No. 8: Raleigh, N.C.
$6.10 Per Commuter Per Day
Raleigh is a victim of its own success–one of the country's fastest-growing cities, it lacks the infrastructure to handle the number of cars on the road. Residents here are delayed on average 35 hours a year in peak traffic, according to the Texas Transportation Institute. That may not sound like much, but those delays are comparable to Philadelphia, which has more than five times as many commuters. Even with gas priced at $3.59, 87% of commuters drive alone to work.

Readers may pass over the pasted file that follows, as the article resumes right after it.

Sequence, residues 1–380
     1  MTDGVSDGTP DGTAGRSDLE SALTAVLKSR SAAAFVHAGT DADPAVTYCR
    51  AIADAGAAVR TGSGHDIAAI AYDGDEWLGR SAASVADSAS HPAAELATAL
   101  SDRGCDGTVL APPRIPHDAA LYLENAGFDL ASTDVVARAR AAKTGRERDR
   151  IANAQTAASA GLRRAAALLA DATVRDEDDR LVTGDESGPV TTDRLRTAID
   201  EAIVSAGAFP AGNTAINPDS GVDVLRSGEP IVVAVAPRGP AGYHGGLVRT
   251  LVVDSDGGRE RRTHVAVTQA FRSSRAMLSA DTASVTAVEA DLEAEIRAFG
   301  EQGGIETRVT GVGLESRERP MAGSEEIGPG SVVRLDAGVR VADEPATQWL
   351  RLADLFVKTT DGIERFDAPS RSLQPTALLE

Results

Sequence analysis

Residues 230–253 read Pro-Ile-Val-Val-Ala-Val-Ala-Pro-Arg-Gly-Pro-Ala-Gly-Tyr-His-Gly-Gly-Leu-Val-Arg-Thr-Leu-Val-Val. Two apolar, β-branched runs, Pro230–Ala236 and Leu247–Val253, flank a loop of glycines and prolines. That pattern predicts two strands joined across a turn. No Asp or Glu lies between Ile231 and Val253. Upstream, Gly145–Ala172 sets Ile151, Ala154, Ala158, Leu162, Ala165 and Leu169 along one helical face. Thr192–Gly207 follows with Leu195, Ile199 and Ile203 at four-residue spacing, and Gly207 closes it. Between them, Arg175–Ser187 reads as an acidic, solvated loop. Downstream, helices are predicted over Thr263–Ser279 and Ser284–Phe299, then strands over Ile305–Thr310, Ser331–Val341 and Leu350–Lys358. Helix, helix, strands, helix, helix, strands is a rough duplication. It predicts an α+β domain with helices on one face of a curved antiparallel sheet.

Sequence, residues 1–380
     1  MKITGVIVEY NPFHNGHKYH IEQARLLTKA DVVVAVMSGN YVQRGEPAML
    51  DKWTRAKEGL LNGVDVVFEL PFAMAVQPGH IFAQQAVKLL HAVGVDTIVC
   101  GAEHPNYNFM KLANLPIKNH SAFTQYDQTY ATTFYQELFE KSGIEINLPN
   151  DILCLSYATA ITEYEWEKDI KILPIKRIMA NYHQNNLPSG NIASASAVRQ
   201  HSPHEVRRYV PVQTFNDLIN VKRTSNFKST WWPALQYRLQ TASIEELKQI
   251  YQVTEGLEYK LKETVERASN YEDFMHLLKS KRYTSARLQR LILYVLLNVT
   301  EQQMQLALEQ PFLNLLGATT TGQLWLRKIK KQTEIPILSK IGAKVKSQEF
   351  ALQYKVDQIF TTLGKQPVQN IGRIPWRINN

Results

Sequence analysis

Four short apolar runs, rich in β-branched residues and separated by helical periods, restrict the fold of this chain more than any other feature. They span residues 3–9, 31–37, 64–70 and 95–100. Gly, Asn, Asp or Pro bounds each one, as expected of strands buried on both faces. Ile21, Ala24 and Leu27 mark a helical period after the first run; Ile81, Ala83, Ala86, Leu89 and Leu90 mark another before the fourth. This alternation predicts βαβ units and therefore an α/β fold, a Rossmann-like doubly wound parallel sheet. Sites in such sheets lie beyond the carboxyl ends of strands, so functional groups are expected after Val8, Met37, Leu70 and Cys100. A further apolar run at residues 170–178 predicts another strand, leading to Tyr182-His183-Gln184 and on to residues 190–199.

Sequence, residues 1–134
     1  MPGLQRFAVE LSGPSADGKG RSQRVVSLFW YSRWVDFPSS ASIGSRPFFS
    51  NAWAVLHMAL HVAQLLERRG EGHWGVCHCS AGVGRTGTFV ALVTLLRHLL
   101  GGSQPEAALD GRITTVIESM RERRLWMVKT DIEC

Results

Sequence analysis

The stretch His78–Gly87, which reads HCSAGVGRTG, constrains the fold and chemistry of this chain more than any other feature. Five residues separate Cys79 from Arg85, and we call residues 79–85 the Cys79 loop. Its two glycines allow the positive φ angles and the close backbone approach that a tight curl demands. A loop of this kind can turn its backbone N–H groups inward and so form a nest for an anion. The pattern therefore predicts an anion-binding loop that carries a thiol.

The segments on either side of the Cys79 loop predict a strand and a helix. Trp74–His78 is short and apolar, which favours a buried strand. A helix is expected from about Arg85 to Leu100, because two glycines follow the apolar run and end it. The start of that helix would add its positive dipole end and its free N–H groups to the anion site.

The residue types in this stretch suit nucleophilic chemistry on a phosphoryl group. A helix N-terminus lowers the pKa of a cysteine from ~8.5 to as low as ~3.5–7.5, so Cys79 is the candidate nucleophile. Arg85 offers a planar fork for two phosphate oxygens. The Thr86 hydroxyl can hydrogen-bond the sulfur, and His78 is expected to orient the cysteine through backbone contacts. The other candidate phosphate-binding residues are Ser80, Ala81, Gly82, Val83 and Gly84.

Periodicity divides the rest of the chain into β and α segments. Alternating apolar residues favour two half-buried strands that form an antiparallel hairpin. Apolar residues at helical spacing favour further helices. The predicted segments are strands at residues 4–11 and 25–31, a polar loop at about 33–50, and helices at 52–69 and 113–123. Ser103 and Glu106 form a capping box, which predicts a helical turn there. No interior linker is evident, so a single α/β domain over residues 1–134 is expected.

So as we continue to let developers run amok and have poor planning for infrastructure that lacks a pay as you go strategy, one of the greatest places to live in America will soon turn to one of the most frustrating places to live in America. With my previous job, I had to commute from my town of Garner to RTP, a 26 mile trek that at times took over an hour in rush hour traffic. My options? None really, telecommuting wasn't really supported because most of management lived down Hwy55 and assumed everyone lived in Cary/Apex off of Hwy55. If I was to take public transportation, I would first have to drive to downtown Raleigh, then catch a bus to sit on I40 and take twice as long. The solution, I found a new job that supports telecommuting fulltime. I was lucky, most people don't have that option. If the Triangle area doesn't adopt a more rational urban planning model that supports central residential and commercial districts, and a light rail system and cycling routes, they may find that what attracted people here may not be as compelling as to what may make them want to leave.